When the vestibular system is damaged by any cause, an individual may experience dizziness and balance problems. However, the gradual, age-related loss of vestibular nerve endings can result in severe balance problems without any associated dizziness.
Long-term medical condition that affects the nervous system can have an impact on balance, too. Parkinson’s disease, Alzheimer’s disease, and Multiple Sclerosis are just a few. In addition, arthritis, heart problems, and certain medications seniors take for chronic illnesses can all contribute to unsteadiness.
When to see a doctor for balance problems If something seems off with your balance, it’s wise to see a doctor to investigate possible suspects, Dr. Honaker says. Inner ear problems are often to blame, so definitely mention symptoms such as changes in hearing, ringing or a feeling of fullness in the ears.
If you have a balance disorder, you may stagger when you try to walk, or teeter or fall when you try to stand up. You might experience other symptoms such as: Dizziness or vertigo (a spinning sensation) Falling or feeling as if you are going to fall.
Losing your balance while walking, or feeling imbalanced, can result from: Vestibular problems. Abnormalities in your inner ear can cause a sensation of a floating or heavy head and unsteadiness in the dark. Nerve damage to your legs (peripheral neuropathy).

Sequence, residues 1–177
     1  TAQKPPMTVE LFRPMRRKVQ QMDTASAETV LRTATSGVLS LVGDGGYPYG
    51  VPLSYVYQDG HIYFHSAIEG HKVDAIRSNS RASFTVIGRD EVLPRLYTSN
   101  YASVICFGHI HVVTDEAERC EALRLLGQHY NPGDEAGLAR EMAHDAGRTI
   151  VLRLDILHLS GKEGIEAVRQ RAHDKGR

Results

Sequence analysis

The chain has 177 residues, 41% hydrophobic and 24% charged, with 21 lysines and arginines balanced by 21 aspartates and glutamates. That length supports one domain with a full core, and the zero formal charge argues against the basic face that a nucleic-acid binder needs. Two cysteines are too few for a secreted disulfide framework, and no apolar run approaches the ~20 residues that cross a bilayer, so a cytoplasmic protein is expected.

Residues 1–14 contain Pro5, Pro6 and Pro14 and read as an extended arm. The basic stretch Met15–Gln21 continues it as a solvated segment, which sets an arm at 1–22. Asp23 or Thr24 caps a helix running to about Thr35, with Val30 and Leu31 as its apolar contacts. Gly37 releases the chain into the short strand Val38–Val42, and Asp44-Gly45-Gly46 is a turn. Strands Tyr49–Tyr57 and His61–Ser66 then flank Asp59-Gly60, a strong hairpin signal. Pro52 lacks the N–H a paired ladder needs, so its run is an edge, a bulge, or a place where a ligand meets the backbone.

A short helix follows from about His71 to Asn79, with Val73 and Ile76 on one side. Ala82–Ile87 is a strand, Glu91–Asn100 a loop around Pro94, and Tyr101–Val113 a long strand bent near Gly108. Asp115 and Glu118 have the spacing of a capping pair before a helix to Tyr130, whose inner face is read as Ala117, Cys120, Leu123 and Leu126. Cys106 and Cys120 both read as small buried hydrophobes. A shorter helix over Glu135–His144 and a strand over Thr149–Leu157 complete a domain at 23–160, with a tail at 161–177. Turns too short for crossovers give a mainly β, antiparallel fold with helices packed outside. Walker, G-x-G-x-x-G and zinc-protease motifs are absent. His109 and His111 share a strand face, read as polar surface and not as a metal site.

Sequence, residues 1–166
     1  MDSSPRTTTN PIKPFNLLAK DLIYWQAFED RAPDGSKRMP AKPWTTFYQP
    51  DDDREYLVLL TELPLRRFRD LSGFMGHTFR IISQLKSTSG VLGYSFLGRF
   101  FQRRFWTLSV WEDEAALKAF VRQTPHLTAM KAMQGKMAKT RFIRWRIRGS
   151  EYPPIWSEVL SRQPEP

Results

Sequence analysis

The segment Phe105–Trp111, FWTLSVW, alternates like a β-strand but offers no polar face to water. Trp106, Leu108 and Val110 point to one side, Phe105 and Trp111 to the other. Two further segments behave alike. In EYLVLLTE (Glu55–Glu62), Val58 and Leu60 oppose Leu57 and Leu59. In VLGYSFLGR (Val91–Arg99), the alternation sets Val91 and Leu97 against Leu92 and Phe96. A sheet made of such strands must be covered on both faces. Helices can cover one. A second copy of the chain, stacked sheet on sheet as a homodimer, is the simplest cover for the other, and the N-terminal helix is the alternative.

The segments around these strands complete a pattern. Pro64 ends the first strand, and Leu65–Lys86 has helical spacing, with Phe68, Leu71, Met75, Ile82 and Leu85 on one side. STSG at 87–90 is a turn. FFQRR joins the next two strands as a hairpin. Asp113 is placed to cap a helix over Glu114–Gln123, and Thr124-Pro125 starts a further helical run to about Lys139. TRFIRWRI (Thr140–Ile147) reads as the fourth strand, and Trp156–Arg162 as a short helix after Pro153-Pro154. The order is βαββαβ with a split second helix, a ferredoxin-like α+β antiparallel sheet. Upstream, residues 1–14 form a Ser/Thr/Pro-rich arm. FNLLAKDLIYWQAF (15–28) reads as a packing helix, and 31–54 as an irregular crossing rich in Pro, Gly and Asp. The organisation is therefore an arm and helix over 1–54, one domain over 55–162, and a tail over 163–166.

Read on to find 14 exercises seniors can do to improve their balance.
Walking helps build lower-body strength, an important element of good balance. Walking is safe exercise for most people and, in addition to improving balance, counts toward your aerobic activity goals.
Causes of Balance Disorders
How Is Waddling Gait Treated?
The more common causes of dizziness and unsteady gait in old age are sensory deficits, such as bilateral vestibular failure, polyneuropathy, and impaired visual acuity; benign paroxysmal positioning vertigo; and central disorders such as cerebellar ataxia and normal-pressure hydrocephalus.
Medications Can Cause Balance Problems
Your treatment may include:
Vestibular dysfunction is most commonly caused by head injury, aging, and viral infection. Other illnesses, as well as genetic and environmental factors, may also cause or contribute to vestibular disorders. Disequilibrium: Unsteadiness, imbalance, or loss of equilibrium; often accompanied by spatial disorientation.